Gender Pension Report reveals alarming 50% gender pension gap

Disparity in women's pension payments reveals pressing need for equality in retirement savings

Startling findings from the Gender Pension Report, conducted by the Government Actuary’s Department (GAD), have unveiled a staggering 49% disparity in average pension funds between men and women in the UK.

The GAD’s analysis of the gender pension gap revealed that the average male pension stands at £8,466, while their female counterparts receive a significantly lower average of £4,285 – representing a concerning 50% difference.

Further examination of the data exposed a 46% contrast in legacy accrued final salary benefits between actively contributing men and women. Additionally, actively contributing women experienced a 35% disparity in post-2014 accrued career average benefits compared to men.

Financial parity

These stark figures have been meticulously recorded and reviewed to provide indispensable evidence for shaping Government policies on pension schemes. Fraser Stewart, Chief Commercial Officer for FinTech platform Lyfeguard, emphasised the importance of equitable pension opportunities, stating, “Pensions are an important aspect of people’s lives due to the sheer amount of time people spend working towards them, so it is vital that there are equal opportunities to earn a fair pension fund for life after work, rather than face a significant gender disparity.”

The report’s findings shed light on the broader challenges individuals face in managing their pensions. According to Lyfeguard’s research, a staggering 52% of Brits struggle with important document management, including pensions. This lack of knowledge and engagement can adversely affect wellbeing, exacerbating the already stark gender pension pay disparities.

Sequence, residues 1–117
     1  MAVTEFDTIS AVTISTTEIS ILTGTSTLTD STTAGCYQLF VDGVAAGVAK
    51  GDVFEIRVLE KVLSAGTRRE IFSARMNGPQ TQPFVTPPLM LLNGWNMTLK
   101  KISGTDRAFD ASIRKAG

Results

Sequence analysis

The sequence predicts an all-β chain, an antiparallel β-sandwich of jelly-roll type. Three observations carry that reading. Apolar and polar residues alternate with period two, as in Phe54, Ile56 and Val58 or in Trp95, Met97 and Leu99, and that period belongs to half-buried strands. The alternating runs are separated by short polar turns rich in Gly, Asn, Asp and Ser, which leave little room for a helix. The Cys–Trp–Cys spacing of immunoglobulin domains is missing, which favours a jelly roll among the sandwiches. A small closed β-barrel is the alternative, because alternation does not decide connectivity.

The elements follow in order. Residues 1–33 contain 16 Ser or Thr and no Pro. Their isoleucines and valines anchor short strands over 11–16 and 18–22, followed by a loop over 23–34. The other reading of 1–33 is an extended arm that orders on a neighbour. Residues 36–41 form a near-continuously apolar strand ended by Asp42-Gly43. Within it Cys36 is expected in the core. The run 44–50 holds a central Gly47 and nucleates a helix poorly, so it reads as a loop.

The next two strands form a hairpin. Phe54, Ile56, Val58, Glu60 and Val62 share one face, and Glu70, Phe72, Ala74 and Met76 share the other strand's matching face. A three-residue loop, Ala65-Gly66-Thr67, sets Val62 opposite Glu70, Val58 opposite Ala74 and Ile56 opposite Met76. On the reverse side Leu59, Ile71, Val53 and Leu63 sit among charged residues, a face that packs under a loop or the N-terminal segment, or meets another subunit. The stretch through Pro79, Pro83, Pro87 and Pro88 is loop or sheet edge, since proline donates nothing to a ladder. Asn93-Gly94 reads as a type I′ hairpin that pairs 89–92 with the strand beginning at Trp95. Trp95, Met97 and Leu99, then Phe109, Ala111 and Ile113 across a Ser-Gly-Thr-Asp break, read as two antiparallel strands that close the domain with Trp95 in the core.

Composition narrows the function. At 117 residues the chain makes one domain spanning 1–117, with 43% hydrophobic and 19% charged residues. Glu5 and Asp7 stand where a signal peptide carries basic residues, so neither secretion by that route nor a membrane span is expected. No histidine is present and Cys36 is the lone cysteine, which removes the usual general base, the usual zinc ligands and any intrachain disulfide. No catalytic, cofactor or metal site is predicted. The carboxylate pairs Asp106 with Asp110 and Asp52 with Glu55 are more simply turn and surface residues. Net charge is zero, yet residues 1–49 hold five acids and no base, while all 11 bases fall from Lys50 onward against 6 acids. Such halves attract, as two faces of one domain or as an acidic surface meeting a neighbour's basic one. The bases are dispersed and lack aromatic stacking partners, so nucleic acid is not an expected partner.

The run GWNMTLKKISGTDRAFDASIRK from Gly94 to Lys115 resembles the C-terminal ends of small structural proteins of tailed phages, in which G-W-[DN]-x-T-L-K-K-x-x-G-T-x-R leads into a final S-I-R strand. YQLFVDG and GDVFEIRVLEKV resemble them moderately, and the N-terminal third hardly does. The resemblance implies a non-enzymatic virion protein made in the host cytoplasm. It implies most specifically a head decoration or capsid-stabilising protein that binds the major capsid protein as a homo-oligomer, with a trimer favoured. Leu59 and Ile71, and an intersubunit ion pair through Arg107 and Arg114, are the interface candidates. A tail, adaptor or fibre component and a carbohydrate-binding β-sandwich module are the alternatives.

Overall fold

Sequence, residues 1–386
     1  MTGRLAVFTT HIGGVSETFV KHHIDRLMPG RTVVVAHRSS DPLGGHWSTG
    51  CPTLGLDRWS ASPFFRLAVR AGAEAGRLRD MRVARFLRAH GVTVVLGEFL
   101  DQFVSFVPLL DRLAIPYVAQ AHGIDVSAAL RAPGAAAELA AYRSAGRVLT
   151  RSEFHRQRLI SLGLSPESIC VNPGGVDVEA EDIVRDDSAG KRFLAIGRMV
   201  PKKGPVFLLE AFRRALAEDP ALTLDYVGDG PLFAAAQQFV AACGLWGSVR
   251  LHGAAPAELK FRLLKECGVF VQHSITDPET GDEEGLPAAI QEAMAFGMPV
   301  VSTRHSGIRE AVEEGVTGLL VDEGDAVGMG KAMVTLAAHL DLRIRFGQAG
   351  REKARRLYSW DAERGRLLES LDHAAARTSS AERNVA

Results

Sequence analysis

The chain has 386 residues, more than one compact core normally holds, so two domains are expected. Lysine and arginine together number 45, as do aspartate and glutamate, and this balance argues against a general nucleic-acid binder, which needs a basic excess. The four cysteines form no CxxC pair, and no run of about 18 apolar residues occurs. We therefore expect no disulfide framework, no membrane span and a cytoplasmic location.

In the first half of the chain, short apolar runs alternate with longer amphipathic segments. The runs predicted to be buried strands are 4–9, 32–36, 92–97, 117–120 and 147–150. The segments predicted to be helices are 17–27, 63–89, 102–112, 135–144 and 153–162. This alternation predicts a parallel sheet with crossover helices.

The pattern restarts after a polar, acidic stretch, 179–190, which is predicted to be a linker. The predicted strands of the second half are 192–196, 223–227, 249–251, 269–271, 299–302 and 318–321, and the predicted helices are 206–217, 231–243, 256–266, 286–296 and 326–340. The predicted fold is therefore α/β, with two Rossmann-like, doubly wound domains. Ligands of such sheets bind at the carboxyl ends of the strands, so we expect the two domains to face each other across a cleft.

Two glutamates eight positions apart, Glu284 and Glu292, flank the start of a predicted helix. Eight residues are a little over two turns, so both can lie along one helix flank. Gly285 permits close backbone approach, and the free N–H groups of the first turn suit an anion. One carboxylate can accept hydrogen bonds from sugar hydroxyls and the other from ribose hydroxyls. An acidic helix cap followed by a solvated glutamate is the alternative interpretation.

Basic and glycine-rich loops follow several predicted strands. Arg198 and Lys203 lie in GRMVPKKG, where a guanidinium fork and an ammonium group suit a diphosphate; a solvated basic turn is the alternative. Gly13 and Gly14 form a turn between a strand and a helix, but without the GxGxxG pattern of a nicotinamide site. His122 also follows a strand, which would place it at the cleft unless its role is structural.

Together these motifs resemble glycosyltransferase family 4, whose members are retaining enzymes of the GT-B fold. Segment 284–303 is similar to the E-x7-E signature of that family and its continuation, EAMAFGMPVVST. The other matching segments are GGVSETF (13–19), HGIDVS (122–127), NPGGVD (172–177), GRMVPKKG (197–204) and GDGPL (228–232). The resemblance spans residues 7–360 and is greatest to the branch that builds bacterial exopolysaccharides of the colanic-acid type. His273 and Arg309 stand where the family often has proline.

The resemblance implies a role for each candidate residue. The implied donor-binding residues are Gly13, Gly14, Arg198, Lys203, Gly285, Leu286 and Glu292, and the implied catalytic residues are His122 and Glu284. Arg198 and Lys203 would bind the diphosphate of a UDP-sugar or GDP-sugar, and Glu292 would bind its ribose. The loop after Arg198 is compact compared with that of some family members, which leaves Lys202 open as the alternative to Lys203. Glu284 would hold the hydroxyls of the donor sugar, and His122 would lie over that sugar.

Gender pay gap

Moreover, the Gender Pension Report has underscored the disparities within pay, working patterns, and rates of individuals opting out of Local Government Pension Scheme (LGPS) membership. Four years ago, a study by the Local Government Association (LGA) revealed a mean gender pay gap of 6.1% and a median gender pay gap of 4%, further exemplifying the obstacles women face in achieving financial parity.

The significant difference in pension payments also highlights the detrimental impact of career breaks and part-time work on women’s pay and subsequent pension funds. Addressing and rectifying this imbalance should be a priority, requiring concerted efforts from policymakers and organisations alike.

The Gender Pension Report serves as a wake-up call, demanding urgent action to ensure equal opportunities and fair remuneration for women in retirement. Bridging this gender pension gap is a matter of justice and a crucial step towards building a more inclusive and equitable society.

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